Sad you didn't make it to Bestival last weekend? DON'T BE. First of all, think how lovely and dry you were in comparison to those poor blighters out there having the time of their lives. Okay, maybe we need a better reason. How about we just give you a roasting hot playlist of fresh new talent to listen to you to enjoy your own mini-festival in the comfort of your mud-free home instead?
One thing that intrigued me was that it seemed that 99% of all music videos submitted, seemed to come straight from Jamaica, such is the passion of Ugandans brought up on dancehall music. With full patois accents and dancehall dance moves, it was like judging a Caribbean set of acts, as opposed to African. It reminded me of the early UK urban music scene.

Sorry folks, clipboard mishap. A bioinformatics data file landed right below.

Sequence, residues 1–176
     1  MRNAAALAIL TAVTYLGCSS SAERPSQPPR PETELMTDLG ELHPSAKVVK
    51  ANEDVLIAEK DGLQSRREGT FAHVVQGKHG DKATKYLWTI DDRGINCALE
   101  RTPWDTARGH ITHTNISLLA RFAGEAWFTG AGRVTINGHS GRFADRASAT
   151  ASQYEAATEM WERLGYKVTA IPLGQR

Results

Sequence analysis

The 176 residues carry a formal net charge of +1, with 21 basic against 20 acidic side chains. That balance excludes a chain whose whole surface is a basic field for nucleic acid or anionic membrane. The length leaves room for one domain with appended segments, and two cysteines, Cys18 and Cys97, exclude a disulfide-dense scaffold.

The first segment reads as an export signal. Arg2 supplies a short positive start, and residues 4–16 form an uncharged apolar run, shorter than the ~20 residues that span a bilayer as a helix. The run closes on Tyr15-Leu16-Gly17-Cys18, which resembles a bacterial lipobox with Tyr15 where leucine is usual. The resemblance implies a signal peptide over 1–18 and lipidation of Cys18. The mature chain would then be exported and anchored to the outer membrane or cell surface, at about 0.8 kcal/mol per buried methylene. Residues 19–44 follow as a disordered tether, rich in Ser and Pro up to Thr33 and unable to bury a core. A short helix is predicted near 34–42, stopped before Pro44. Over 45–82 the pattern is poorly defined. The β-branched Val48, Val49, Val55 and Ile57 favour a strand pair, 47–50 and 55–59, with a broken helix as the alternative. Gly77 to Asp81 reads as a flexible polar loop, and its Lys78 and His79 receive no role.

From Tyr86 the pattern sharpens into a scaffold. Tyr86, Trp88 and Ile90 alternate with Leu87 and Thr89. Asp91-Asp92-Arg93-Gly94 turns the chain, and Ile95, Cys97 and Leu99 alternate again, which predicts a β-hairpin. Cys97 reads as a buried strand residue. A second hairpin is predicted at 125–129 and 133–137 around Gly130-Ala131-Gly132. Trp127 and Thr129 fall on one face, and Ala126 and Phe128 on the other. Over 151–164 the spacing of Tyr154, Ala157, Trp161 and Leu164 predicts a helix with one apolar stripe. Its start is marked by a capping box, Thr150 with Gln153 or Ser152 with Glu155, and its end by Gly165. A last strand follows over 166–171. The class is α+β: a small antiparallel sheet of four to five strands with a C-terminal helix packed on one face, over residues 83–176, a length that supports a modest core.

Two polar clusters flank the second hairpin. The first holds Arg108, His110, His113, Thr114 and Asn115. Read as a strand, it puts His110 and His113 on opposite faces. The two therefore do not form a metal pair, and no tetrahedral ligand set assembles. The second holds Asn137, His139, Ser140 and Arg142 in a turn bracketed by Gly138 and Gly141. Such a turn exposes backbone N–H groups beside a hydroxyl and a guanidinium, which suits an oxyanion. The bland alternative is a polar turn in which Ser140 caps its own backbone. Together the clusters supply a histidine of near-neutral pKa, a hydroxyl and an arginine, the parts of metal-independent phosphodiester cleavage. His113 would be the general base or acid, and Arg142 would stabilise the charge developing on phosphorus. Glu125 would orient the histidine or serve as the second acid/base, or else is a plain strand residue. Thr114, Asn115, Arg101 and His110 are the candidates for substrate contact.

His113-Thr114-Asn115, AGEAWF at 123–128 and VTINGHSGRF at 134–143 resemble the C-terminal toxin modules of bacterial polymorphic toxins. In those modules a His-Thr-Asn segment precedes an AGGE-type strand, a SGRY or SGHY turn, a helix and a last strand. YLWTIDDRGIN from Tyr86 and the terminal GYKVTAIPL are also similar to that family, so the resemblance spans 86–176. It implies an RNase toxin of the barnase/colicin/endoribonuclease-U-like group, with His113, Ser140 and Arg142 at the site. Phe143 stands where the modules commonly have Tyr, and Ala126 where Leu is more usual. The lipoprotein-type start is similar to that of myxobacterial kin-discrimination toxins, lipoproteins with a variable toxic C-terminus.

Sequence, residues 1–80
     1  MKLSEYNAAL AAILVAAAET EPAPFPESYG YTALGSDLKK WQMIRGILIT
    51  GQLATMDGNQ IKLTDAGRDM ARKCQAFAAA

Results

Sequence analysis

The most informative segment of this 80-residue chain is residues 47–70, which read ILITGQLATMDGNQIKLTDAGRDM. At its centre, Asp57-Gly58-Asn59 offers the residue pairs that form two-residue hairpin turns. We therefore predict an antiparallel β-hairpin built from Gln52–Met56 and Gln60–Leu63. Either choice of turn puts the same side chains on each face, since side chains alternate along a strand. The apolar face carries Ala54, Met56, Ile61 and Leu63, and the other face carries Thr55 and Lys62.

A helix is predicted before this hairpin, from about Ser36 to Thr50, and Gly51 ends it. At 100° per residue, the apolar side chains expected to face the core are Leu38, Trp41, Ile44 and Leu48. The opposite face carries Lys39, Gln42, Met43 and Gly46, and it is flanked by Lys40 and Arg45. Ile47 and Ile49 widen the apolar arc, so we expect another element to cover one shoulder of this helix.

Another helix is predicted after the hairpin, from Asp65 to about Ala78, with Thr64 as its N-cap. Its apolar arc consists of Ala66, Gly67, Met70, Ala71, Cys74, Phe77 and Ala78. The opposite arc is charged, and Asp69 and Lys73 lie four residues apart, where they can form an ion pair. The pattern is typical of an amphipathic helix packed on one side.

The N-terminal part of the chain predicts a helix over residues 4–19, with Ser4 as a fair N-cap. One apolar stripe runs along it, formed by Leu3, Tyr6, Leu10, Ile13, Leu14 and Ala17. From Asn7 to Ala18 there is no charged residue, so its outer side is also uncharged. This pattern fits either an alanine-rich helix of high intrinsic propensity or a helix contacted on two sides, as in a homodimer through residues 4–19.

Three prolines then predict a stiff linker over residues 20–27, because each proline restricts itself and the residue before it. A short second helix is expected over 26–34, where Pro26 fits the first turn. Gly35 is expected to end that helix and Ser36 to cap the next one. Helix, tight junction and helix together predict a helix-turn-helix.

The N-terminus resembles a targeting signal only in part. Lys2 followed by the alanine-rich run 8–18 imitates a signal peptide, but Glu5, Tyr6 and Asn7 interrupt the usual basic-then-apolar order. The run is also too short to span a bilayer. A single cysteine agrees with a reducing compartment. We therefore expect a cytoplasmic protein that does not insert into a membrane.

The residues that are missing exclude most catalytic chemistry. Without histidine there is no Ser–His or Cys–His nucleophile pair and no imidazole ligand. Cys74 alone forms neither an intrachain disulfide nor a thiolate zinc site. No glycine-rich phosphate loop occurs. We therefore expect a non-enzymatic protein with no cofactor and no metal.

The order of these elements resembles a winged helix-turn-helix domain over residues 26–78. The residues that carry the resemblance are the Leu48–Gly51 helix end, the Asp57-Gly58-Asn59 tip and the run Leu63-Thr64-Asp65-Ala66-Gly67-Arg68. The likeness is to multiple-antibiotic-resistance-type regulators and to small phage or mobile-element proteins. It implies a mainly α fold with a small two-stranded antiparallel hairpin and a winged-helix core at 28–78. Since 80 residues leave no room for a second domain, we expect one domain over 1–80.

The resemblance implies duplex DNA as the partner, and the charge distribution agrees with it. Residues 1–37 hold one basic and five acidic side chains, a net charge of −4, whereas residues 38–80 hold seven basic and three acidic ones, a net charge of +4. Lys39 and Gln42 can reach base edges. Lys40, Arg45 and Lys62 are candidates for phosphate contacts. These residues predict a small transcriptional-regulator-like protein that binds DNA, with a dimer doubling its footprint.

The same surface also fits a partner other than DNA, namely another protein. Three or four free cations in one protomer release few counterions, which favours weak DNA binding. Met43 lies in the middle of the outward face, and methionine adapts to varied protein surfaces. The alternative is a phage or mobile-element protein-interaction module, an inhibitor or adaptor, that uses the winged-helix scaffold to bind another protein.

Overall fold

As soon as you start trying to protect people from the potentially offensive, the whole thing turns into a giant game of whack-a-mole. Potentially offensive things leap up from all directions, and no sooner have you squashed one than a dozen more potential shocking things pop up instead. Because EVERYTHING is offensive. In some context. To someone.
The music video is alive and kicking. There are few art forms that can reach that many people that quickly, and while MTV may no longer be broadcasting wall-to-wall music videos, YouTube has taken its place. The combination of a good track combined with great visuals seems to resonate globally, and the great thing about YouTube is that it's totally democratic.
Woodkid (a.k.a.) Yoann Lemoine may be best known for directing the videos to Lana's Born To Die and Blue Jeans and Drake and Rihanna's Take Care, but if you've been paying attention, you will have noticed his multi-million viewed videos for his own tracks namely Iron (starring Agyness Deyn), Run Boy Run and most recently I Love You.